Evolution by means of natural selection is the core theme in evolutionary research. Recently, the recognition that rapid evolutionary processes occur widely in nature gave impetus to investigate adaptation of populations to their immediate environmental conditions. Experimental evolution, where evolution is studied in action rather than as the outcome of past processes, is the gold standard in evolutionary research. Such endeavours will yield valuable insight into the process of adaptation.
GrENE-net – Genomics of rapid Evolution in Novel Environments – is set up as a coordinated distributed experiment with Arabidopsis thaliana. Its aim is to combine efforts to conduct the largest evolution experiment ever. We invite researchers from across the globe to participate in GrENE-net.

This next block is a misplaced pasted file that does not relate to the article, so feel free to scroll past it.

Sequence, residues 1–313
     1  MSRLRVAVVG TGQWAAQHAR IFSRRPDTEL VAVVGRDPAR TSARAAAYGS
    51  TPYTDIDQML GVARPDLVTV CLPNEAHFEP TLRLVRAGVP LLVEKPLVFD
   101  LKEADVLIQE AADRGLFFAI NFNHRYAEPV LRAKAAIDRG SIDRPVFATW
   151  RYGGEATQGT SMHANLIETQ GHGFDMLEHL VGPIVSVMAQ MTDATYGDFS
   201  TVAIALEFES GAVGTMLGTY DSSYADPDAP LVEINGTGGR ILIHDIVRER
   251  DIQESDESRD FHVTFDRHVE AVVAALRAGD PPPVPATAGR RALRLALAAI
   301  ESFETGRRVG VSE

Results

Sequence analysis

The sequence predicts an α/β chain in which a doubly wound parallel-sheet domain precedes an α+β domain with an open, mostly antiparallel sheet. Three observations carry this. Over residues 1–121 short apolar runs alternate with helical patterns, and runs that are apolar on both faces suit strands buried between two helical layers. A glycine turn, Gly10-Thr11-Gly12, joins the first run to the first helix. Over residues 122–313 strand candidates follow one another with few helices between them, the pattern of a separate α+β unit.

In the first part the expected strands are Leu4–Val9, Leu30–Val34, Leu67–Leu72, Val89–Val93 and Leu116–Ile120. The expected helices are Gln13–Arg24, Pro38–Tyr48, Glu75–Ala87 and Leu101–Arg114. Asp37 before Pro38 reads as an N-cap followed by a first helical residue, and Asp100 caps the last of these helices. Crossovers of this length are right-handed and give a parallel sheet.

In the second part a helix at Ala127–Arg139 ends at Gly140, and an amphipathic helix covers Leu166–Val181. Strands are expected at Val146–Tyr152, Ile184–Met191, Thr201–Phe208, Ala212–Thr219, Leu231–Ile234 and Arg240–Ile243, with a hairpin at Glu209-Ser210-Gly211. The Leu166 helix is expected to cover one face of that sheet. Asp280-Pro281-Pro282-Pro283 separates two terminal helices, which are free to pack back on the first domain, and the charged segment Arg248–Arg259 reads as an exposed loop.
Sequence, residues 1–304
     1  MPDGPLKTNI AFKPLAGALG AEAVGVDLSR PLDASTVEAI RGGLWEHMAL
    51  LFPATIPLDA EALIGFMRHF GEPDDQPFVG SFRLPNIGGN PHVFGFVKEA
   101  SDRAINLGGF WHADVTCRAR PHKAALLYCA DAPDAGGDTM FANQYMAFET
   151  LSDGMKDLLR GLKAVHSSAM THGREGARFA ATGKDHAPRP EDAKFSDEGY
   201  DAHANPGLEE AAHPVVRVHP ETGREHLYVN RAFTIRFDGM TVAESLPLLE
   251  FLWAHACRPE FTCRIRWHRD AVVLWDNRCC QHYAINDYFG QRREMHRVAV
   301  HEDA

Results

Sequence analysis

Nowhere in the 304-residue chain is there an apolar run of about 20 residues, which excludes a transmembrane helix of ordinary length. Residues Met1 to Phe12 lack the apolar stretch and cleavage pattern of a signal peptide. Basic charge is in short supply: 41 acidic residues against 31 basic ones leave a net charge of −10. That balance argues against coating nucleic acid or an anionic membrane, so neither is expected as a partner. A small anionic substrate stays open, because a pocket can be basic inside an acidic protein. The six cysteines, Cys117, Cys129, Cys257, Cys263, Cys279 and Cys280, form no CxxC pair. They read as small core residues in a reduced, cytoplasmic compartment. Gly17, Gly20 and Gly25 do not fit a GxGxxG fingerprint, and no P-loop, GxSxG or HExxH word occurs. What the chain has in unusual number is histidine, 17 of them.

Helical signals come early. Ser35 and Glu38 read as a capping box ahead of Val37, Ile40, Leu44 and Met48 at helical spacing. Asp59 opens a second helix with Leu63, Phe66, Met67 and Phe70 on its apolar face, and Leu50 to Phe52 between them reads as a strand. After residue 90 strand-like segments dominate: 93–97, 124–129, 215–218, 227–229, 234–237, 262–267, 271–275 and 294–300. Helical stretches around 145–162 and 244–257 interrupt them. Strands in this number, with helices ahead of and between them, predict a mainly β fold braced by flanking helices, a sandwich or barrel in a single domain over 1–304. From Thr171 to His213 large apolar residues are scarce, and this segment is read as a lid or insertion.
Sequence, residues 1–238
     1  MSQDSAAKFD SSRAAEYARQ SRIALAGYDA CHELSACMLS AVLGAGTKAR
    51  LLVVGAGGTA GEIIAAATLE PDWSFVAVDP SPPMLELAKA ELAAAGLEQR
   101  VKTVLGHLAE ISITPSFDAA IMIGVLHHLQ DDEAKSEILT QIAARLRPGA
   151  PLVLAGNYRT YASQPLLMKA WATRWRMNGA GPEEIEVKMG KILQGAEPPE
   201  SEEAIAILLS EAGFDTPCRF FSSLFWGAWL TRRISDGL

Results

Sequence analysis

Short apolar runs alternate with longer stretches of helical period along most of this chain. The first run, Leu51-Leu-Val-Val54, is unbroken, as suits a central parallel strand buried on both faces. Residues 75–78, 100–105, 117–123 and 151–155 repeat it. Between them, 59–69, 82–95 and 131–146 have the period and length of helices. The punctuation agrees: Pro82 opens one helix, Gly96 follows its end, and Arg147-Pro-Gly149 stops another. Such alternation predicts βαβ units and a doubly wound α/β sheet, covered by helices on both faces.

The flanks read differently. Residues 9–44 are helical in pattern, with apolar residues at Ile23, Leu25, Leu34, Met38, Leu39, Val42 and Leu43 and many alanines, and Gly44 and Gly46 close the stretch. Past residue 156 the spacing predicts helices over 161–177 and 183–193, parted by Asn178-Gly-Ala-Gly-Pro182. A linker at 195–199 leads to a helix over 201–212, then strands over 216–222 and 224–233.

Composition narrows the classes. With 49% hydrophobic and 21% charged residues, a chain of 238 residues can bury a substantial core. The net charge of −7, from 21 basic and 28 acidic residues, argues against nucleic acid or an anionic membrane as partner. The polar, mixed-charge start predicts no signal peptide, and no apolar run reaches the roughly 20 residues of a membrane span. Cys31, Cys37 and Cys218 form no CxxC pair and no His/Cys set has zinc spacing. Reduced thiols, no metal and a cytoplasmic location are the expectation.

Participants will receive seed mixtures of c. 200 natural accessions of Arabidopsis thaliana which they will sow into small replicated plots. Every year, participants will sample plant material used for genome sequencing which allows to track changes in the abundances of alleles and accessions. Coupled with weather and soil data, we aim to unravel the process of adaptation to these important environmental variables. Our selection experiment will thus increase understanding of how the environment, plant phenotypes and their genetic makeup are linked together and about the evolutionary dynamics behind it.
If you are interested in joining GrENE-net, drop us an email. We plan to start in autumn 2017. More detailed information as well as the latest draft of the experimental protocol can be found on this website.